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Yeast Population Genomics Goes Wild: The Case of Saccharomyces paradoxus

  • Mathieu Hénault
  • Chris Eberlein
  • Guillaume Charron
  • Éléonore Durand
  • Lou Nielly-Thibault
  • Hélène Martin
  • Christian R. Landry
Part of the Population Genomics book series


Speciation and adaptation are important processes that are difficult to study in the invisible microbial world because of the lack of easily identifiable characters that can be correlated with species boundaries and adaptive traits. Genomic tools can be used to assess and measure the genetic and genomic bases of species and population differentiation. This allows for the identification of the genes that are potential targets of natural selection and thus that underlie adaptation to specific environments. Here, we illustrate how useful this approach is by describing recent progress on microbial genomics empowered by studying Saccharomyces paradoxus in the wild. These studies have revealed the spatial and temporal scales at which fungal populations diverge, a quantification of the life history parameters of this yeast and its mechanisms of speciation, which include allopatric speciation driven by geographical barriers and hybrid speciation driven by chromosomal reorganization. Altogether, these studies establish S. paradoxus as an extremely powerful model in microbial population genomics.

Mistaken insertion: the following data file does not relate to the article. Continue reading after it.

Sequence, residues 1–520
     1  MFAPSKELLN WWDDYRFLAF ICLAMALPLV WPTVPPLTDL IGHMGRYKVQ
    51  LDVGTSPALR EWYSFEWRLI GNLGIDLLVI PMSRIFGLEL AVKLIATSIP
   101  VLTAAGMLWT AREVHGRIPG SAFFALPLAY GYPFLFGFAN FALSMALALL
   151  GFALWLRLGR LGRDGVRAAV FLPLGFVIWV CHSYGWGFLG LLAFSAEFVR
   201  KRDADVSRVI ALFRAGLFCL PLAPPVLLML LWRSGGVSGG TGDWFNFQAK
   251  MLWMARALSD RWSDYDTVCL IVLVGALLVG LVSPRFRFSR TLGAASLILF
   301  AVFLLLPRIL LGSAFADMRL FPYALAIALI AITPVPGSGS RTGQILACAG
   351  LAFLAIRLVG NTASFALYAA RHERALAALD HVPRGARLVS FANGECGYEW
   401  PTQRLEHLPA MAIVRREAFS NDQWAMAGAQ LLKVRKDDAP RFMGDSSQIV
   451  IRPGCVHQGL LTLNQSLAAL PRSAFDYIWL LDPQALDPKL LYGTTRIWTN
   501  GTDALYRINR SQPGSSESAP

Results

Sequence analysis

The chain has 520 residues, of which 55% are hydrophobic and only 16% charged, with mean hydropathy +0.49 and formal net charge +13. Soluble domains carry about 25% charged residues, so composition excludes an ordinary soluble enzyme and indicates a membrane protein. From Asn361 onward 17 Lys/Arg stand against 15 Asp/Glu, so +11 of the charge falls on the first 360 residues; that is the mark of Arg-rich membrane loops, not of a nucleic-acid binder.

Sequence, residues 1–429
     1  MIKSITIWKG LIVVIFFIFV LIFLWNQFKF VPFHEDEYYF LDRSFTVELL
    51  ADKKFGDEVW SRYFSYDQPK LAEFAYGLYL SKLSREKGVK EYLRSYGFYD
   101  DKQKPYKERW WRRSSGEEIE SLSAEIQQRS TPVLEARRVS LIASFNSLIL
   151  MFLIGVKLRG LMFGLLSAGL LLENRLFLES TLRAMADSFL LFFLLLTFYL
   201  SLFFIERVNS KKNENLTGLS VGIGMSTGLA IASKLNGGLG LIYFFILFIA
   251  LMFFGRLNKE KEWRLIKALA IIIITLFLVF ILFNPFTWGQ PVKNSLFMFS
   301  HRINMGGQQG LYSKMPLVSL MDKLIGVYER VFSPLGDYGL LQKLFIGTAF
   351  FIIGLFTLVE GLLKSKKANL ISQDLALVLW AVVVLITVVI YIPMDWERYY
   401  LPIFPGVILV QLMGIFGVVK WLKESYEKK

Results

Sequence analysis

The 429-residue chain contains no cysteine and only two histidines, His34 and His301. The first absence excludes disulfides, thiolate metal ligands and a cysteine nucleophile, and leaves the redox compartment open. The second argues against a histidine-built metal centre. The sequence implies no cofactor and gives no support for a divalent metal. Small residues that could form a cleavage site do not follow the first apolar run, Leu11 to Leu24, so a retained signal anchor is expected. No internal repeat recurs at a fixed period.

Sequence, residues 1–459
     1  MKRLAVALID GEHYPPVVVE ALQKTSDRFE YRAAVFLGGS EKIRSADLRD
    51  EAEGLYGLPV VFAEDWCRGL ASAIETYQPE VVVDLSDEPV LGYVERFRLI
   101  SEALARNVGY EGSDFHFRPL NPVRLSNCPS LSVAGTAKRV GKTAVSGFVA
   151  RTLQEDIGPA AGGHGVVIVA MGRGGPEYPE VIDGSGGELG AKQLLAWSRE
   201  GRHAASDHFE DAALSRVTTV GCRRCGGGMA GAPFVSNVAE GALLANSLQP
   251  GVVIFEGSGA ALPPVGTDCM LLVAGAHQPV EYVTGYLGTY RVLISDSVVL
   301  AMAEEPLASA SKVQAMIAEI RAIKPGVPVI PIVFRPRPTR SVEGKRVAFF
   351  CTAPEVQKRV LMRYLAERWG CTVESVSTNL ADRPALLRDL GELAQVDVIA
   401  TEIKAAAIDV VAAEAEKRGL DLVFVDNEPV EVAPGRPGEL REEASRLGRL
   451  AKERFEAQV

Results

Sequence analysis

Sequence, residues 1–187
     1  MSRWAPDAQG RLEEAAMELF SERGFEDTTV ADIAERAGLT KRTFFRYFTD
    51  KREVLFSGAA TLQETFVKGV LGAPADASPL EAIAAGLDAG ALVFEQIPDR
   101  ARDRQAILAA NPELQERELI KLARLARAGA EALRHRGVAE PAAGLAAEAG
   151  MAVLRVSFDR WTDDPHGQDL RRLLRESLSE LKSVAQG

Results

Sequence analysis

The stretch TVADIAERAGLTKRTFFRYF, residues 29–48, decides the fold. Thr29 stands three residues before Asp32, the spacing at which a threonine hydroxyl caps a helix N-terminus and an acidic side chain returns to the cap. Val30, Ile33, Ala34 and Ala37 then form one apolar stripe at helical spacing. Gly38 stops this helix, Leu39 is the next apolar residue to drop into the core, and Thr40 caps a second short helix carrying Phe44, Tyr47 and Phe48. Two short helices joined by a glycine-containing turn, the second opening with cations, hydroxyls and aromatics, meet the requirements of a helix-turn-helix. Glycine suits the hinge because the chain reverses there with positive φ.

Adaptation Hybridization Introgression Population genomics Saccharomyces paradoxus Speciation Yeast 



The authors thank Anna Fijarczyk and Souhir Marsit for comments on the manuscript. This work was supported by a NSERC Discovery Grant to CRL. CRL holds the Canada Research Chair in Evolutionary Cell and Systems Biology.


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Copyright information

© Springer International Publishing AG 2017

Authors and Affiliations

  • Mathieu Hénault
    • 1
  • Chris Eberlein
    • 1
  • Guillaume Charron
    • 1
  • Éléonore Durand
    • 1
  • Lou Nielly-Thibault
    • 1
  • Hélène Martin
    • 1
  • Christian R. Landry
    • 1
  1. 1.Département de Biologie and Département de Biochimie, Microbiologie et Bio-informatiqueInstitut de Biologie Intégrative et des Systèmes, PROTEO, Université LavalQCCanada

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